Michelle Cahoon, James Decleene, and Brian Kane took the best Petitioner’s brief award with the top scoring brief in the competition.  The team advanced the semifinal round and just missed qualifying for nationals by less than a point.  Attorneys Jesse Blocher, Michael Cerjak, and Brendon Reyes coached the team.  Brendon, now an attorney practicing in Waukesha, was a member of last year’s national team.  Jesse was a member of one of my first NMCC teams.

Jennifer McNamee and Elizabeth Oestreich advanced to the quarterfinals and were the number 1 seed after the preliminaries, after particularly strong showings in their oral arguments.  That team was coached by Attorneys Emily Lonergan, Jason Luczak, and Max Stephenson.  Elizabeth, Emily, and Max happened all to have (Elizabeth), or had (Emily and Jason), the role of Chief Justice of our Moot Court Association.  I enjoyed watching the students and coaches on both teams working together and getting to know each other.

Read more »

Print Friendly



Marquette Team Wins Best Petitioner Brief at National Criminal Procedure Tournament

Posted by:
Category: Legal Education, Legal Writing, Marquette Law School, Public
1 Comment »

Congratulations to 3Ls Katie Seelow and Derek Waterstreet for being awarded the best Petitioner’s brief in the National Criminal Procedure Tournament this past week in San Diego.  The team’s advisor is Professor Thomas Hammer, and the team coaches are 3L Vanessa Paster and Attys. Brittany Kachingwe, Sarah McNutt, and Jennifer Severino.  3Ls Becky Van Dam and Joseph Wasserman also competed.  That team is advised by Professor Susan Bay and coached by Vanessa Paster and Attys. Nick Cerwin and Chad Wozniak.  Jennifer Severino traveled with the teams to support them in competition.

Print Friendly



An Interview with Professor Linda Edwards

Posted by:
Category: Legal Education, Legal Writing, Marquette Law School, Public
Leave a Comment »

faculty_lindaedwards2014-04This fall, Professor Linda Edwards joins Marquette Law School as the Robert F. Boden Visiting Professor of Law.  She is the E.L. Cord Foundation Professor of Law at UNLV.

You have written a wonderful book on the great briefs. What are some of your favorite briefs and why do you like them?

One of my favorites is the Petitioner’s brief in Miranda v. Arizona. Scholars, law teachers, and practitioners usually read judicial opinions rather than the briefs that produced those opinions. The Miranda brief is one of the few that has received attention in its own right. I took my turn to comment on it in Once Upon a Time in Law: Myth, Metaphor, and Authority, 77 Tenn. L. Rev. 885 (2010). Instead of a dry parsing of the cases, the argument section tells an engrossing story of the birth of the right to counsel. It’s also a story about the kind of people we want to be. It’s well-written too. In an era when lawyers tended to write in a boring, ponderous style, the Miranda brief is engaging and easy to read. It combines strong legal analysis, great policy arguments, and a passion for justice—a great example for us all.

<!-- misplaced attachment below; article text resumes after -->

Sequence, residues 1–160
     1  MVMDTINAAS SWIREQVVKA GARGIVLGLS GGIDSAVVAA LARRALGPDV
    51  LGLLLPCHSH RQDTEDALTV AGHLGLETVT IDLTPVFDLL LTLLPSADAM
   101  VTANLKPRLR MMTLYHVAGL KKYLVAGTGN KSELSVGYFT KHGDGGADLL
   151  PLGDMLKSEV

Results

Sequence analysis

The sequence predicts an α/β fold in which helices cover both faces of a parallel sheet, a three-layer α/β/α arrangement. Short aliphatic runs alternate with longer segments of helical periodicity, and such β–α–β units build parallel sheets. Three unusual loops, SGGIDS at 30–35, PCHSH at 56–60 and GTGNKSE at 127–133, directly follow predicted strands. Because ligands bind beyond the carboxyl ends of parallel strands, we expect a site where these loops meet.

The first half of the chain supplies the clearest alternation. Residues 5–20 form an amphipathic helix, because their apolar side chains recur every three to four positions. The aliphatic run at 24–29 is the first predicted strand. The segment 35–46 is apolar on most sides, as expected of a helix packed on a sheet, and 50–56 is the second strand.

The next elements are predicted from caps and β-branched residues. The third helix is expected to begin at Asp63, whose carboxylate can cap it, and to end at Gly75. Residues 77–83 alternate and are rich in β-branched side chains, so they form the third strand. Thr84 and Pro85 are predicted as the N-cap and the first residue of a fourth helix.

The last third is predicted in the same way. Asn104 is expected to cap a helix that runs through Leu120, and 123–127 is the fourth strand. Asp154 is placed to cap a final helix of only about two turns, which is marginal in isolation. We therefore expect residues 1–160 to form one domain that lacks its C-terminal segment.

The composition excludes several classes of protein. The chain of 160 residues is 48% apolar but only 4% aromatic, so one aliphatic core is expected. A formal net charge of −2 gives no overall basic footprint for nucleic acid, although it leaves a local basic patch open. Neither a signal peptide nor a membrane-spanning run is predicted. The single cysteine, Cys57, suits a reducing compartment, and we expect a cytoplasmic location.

Another of my favorites is the primary defense brief in the set of consolidated cases that came to be known as Furman v. Georgia. The primary brief challenging the death penalty for those cases was actually filed in Aikens v. California. The thing I like most about this brief is the daring choice it makes in the fact statement. It does not try to minimize the crimes or argue that the defendant was innocent or that his hard life provided an excuse for his actions. All of those would have been losing arguments. Instead, it admits that the crimes were horrendous and that the defendant probably did them, but it uses our human reaction to those killings to argue that state-imposed killing is little better. It was a risky argument, but it was honest and much better strategy than the alternatives. I really admire the courage and skill it took to pull it off.

Read more »

Print Friendly



A Global Survey on the Study of International Law (Part II)

Posted by:
Category: International Law & Diplomacy, Legal Education, Public
Leave a Comment »

Last month I put up the first in what I anticipate will be a series of posts on the subject of international legal education. I summarized the results of a global survey on the study of international law, reported that a majority of law students around the world must complete at least one course on the subject prior to graduation, and pointed out that the overwhelming tendency for American law schools to offer international law exclusively as an elective is fairly abnormal. In this post, I’ll explain my methodology and elaborate a bit on the data underlying my conclusions.

The methodology was pretty simple: I relied on a collection of official government documents, information available on the websites of university law faculties, and, occasionally, email correspondence with faculty members. Where this evidence established that a curriculum includes a mandatory course that on its face substantially implicates public international law, I coded the corresponding university as requiring international legal training. Inversely, I coded a university as requiring no such training where the evidence demonstrated that courses on public international law are elective or unavailable. Finally, I coded a university as “no data” if it has a law faculty but evidence of its curriculum was inaccessible within the confines of the research methods. For present purposes, the key point is that the numbers only reflect what I could find. This probably amounts to all relevant data for many states. But for others, particularly in the developing world, the data are less complete because not all universities have functioning websites and even those that have them often omit information about their curriculum. Read more »

Print Friendly